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Neurology. 2002 Feb 26;58(4):593-602.

Novel mutations in collagen VI genes: expansion of the Bethlem myopathy phenotype.

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  • 1Department of Molecular Genetics and Biochemistry, University of Pittsburgh School of Medicine, Pittsburgh, PA, USA.

Abstract

OBJECTIVE:

To investigate the molecular basis of autosomal dominant limb-girdle muscular dystrophy (AD-LGMD) in three large new families.

METHODS AND RESULTS:

Genome-wide linkage was performed to show that the causative gene in all three families localized to chromosome 21q22.3 (Zmax = 10.3; theta = 0). This region contained the collagen VI alpha1 and alpha2 genes, which have been previously shown to harbor mutations causing a relatively mild congenital myopathy with contractures (Bethlem myopathy). Screening of the collagen VI alpha1 and alpha2 genes revealed novel, causative mutations in each family (COL6A1-K121R, G341D; COL6A2-D620N); two of these mutations were in novel regions of the proteins not previously associated with disease. Collagen VI is a ubiquitously expressed component of connective tissue; however, both limb-girdle muscular dystrophy and Bethlem myopathy patients show symptoms restricted to skeletal muscle. To address the muscle-specific symptoms resulting from collagen VI mutations, the authors studied three patient muscle biopsies at the molecular level (protein expression). A marked reduction of laminin beta1 protein in the myofiber basal lamina in all biopsies was found, although this protein was expressed normally in the neighboring capillary basal laminae.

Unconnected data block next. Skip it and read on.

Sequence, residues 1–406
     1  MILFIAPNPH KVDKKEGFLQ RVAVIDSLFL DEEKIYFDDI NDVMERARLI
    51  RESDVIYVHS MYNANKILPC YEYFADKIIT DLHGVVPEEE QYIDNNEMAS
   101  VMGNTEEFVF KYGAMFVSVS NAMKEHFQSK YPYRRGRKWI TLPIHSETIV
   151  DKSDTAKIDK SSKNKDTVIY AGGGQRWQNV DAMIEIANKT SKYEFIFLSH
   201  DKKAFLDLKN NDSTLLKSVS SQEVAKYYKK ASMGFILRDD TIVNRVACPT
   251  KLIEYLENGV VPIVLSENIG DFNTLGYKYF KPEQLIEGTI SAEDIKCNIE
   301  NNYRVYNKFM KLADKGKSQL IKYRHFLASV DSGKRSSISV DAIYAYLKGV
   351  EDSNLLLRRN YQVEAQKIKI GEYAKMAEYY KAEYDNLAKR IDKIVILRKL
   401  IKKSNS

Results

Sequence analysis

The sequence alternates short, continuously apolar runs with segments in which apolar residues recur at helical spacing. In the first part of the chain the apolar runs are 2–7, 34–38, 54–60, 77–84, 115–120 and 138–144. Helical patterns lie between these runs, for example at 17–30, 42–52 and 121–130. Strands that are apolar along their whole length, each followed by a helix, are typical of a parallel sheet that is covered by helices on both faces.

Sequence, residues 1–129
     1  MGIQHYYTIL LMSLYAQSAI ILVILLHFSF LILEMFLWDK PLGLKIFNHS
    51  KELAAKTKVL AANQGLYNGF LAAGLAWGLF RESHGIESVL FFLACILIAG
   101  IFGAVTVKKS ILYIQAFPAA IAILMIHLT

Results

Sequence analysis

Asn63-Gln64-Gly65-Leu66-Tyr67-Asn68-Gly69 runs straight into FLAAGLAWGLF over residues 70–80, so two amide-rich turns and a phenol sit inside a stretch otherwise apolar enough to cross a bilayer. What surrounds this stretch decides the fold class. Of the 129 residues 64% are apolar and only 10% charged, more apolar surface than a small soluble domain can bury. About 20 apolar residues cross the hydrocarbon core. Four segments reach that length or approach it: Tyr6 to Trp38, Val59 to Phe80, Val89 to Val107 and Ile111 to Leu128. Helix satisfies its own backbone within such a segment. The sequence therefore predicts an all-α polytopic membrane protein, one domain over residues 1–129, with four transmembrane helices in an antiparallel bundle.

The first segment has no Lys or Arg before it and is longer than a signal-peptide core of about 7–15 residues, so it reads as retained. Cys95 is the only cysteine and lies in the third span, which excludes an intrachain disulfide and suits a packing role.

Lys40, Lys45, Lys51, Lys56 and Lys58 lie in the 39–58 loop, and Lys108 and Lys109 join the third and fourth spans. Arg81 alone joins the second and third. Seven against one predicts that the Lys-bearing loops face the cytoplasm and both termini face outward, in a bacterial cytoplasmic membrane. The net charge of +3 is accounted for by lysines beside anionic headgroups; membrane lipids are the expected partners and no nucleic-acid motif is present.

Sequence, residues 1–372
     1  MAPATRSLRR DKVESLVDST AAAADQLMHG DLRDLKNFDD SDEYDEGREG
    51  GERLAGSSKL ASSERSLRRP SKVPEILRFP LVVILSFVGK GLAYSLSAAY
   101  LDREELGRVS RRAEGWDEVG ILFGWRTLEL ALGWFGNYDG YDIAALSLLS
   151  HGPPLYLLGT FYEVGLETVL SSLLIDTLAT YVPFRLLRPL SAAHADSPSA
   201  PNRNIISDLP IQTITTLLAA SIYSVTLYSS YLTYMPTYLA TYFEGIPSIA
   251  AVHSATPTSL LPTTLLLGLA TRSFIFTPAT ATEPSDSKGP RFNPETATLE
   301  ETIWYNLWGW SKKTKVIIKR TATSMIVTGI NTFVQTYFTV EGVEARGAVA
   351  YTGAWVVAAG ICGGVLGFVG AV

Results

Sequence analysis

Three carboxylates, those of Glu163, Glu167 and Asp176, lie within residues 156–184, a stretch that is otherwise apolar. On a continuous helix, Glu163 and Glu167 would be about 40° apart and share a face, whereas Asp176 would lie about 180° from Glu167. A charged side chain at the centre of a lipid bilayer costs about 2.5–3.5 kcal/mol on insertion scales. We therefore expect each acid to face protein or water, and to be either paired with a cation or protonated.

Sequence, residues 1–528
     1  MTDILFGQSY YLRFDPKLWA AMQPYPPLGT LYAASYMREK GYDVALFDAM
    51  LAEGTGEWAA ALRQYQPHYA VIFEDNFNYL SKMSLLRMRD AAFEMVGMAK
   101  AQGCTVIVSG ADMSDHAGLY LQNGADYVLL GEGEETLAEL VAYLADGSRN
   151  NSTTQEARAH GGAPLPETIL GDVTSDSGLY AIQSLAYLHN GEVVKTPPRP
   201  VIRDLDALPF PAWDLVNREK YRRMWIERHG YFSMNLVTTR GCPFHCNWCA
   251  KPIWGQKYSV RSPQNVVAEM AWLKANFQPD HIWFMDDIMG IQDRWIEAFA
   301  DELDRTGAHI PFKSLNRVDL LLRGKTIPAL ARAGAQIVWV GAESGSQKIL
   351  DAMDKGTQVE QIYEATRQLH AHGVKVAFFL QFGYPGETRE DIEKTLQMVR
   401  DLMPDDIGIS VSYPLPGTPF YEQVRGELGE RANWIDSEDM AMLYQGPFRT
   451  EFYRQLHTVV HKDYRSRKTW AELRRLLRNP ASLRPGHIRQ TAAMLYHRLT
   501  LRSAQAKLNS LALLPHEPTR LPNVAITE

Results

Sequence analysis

CONCLUSIONS:

The authors' studies widen the clinical spectrum of Bethlem myopathy and suggest collagen VI etiology should be investigated in dominant limb-girdle muscular dystrophy. The authors hypothesize that collagen VI mutations lead to muscle-specific defects of the basal lamina, and may explain the muscle-specific symptoms of Bethlem and limb-girdle muscular dystrophy patients with collagen VI mutations.

PMID:
11865138
[PubMed - indexed for MEDLINE]
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